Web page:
Last year I went to my first AfrikaBurn, South Africa’s version of the Burning Man festival, for the first time and I had my mind blown. It was a fantastically surreal experience: an town of art and performance that sprung up in days in the middle of the desert in the Tankwa Karoo, where it seemed like you had entered a parallel pyschedelic world. I had an amazing time and can’t wait to go back this year. (Read my blog about AfrikaBurn 2012 here).
There are more people going to AfrikaBurn this year (it’s next month from 1 to 6 May) than ever before (with over 6000 tickets sold), so there are going to be a lot of newbies. AfrikaBurn is like no other festival. If you’ve been to Rocking the Daisies or Oppikoppi, and you reckon you’ve got festival organisation waxed (beer in cans, decanted spirits in plastic bottles, mixer and wet wipes), this is a whole other story.
If you’re an AfrikaBurn virgin, then this survival guide is for you. Remember to hit this gong when you enter the festival if you’re a newbie – it’s a rite of passage.
First of all, don’t try and get in without tickets. Even if you drive all the way there from Cape Town, they will not let you into the festival without a ticket. If you don’t have a ticket, they sold out weeks ago but there are ones for sale on Gumtree and AfrikaBurn’s Facebook page.
For full directions on how to get to AfrikaBurn from Cape Town, Durban, Bloem and Joburg, click here. There’s a treacherous stretch of dirt road that’s over 100km long – the only way to get to the festival. You can tackle it in a 2×4 but drive REALLY slowly. I took my Clio last year and not only did I shred a tyre (below), but I also damaged all the rims of my car, and did some internal damage. Borrow your parents’ 4×4 or your friend’s bakkie if you can. It’s essential to bring a spare tyre (and someone who knows how to change a tyre).
The other alternative is to fly – the glamorous way to arrive.
What to bring
In a word, everything. There’s nothing to buy at AfrikaBurn so you need to bring all your own food and water (budget on a minimum of 5 litres of water per person per day). It’s a good idea to make your camp really comfortable, as you need a bit of downtime in between all the exploration. Bring lots of camping chairs and cushions and try and create a shaded area (it does get hot during the day).
Apart from the obvious provisions – food, booze and water – here are some other essentials you need to bring:
Goggles and bandanna (for dust storms)
Warm clothes for the evening (it can go down to 0 degrees)
Headlamp or torch
A lot of wet wipes
Black plastic bags (you need to take all your rubbish home with you)
A basic first aid kit
A bicycle (the best way to get around)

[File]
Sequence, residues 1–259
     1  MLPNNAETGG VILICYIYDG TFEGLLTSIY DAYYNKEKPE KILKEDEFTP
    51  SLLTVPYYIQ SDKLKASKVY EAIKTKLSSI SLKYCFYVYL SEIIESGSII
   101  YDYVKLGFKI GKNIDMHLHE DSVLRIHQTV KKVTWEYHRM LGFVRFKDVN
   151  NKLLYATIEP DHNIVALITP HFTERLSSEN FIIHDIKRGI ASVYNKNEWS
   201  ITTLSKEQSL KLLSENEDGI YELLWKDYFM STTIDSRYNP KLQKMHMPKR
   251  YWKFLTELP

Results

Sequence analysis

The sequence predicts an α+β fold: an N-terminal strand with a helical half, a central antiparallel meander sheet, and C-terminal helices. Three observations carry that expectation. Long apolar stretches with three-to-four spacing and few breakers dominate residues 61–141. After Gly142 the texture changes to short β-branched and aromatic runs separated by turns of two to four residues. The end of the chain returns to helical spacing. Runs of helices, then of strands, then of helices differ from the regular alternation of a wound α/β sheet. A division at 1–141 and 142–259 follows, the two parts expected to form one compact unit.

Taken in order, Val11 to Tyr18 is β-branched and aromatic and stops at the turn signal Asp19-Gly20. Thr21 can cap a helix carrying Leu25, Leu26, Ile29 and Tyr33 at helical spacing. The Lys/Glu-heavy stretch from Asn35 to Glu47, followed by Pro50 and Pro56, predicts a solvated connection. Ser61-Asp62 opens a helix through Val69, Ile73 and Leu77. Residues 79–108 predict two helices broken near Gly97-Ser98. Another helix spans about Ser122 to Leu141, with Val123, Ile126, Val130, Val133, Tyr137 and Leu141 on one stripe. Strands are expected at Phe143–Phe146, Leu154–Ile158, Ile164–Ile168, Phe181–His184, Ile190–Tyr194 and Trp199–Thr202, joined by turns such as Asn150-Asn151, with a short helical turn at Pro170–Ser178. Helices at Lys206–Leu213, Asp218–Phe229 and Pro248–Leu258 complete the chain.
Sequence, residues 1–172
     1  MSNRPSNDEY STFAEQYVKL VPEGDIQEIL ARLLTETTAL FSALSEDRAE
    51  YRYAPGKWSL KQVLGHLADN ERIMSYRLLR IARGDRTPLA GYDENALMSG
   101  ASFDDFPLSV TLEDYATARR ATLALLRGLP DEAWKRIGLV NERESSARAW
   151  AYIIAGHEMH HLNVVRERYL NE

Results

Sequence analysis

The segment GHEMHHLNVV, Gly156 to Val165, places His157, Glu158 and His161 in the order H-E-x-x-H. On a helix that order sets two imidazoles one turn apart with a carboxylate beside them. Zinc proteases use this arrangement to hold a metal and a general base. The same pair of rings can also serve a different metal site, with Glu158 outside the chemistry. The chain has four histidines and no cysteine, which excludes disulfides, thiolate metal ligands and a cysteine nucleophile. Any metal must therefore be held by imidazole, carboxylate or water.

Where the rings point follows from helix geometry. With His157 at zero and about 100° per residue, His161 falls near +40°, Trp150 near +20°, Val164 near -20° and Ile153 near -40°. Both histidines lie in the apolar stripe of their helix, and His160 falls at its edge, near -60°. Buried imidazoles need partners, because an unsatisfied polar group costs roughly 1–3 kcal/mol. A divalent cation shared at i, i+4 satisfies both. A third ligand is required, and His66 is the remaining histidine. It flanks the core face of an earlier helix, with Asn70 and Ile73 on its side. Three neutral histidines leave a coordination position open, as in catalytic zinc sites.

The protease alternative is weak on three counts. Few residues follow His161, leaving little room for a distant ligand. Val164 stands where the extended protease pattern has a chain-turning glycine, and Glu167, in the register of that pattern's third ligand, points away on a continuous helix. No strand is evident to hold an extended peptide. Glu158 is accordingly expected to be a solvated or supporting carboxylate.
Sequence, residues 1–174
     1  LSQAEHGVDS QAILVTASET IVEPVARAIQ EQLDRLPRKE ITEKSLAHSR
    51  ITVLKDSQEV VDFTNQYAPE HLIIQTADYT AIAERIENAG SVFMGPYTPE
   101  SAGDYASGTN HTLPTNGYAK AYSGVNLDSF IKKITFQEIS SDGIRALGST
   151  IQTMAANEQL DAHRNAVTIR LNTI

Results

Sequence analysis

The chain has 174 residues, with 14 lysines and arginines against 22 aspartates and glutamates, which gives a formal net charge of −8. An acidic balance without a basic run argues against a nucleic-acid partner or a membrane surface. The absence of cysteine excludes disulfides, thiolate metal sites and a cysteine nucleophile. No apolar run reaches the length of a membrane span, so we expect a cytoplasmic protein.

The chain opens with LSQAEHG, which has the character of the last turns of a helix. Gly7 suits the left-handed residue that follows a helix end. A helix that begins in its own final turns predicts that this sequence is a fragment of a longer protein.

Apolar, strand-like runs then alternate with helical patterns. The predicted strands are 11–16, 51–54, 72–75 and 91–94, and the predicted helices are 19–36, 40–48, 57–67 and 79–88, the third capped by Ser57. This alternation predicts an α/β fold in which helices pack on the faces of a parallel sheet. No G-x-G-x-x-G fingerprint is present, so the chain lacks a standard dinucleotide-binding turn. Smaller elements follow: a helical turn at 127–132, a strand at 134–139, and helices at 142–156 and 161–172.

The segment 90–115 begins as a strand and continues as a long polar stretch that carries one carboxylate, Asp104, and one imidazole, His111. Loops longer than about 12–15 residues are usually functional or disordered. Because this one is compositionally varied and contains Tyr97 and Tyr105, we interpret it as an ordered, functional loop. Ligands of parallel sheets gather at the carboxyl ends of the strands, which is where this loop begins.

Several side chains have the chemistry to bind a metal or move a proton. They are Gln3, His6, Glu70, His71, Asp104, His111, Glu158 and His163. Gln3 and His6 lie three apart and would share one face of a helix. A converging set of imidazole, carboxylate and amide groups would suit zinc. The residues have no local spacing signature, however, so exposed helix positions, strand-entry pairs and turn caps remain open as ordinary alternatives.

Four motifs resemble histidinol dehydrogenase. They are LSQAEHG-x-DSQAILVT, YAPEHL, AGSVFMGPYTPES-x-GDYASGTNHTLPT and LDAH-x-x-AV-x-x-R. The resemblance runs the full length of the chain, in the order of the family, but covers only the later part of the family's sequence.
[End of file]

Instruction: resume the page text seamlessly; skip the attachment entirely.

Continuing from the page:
AfrikaBurn is one giant costume party. If you’re not a dress up person, try and pretend you are just for this festival. The theme this year is Archetypes, so try and tailor your dress up accordingly. If you’re camping in a group, a communal dress up is a lot of fun and the best way to find your friends at night (I can recommend the bright blue wigs for superior people-spotting in the dark).
The onesie is a classic look
If you’re not into full dress up, bring a rad hat or headpiece. Or just paint your face.
The toilet situation at AfrikaBurn is really not bad. There are porta-loos, which are cleaned frequently and always seemed to have TP, and some outdoor loos on the perimeter of the camp which are perfect if you’re not bothered about completely private.
Don’t miss the actual burnings, which happen on Friday, Saturday and Sunday nights. You get a map and a programme when you get to the festival which has all the scheduled times. The burnings are amazing. There’s something very primal about watching huge structures turn into flames. Just don’t get too drunk and play with fire.
Taking time out
The great thing about where AfrikaBurn is, is that you’re able to walk away from all the craziness of the festival and spend some quiet time on your own in the desert.
There will be pop up yoga classes at the festival, so bring your yoga mat and do a bit of meditation and stretching in between all the dancing.
Accept rides from strangers
Remember what your parents told you about not ever getting into a car with a stranger? Forget that at AfrikaBurn. There are mutant vehicles – artistically converted cars and motorbikes – that cruise around the Binnekring (the inside circle of the camp) giving you lifts to nowhere in particular. Jump on to the back of a giant snail or party on the deck of a pirate ship.
The most important thing, however, is to go with an open mind and have fun. There’s nothing else like this festival in South Africa and it’s amazingly inspiring. Let me know if you’re going to AfrikaBurn for this first time this year!Google+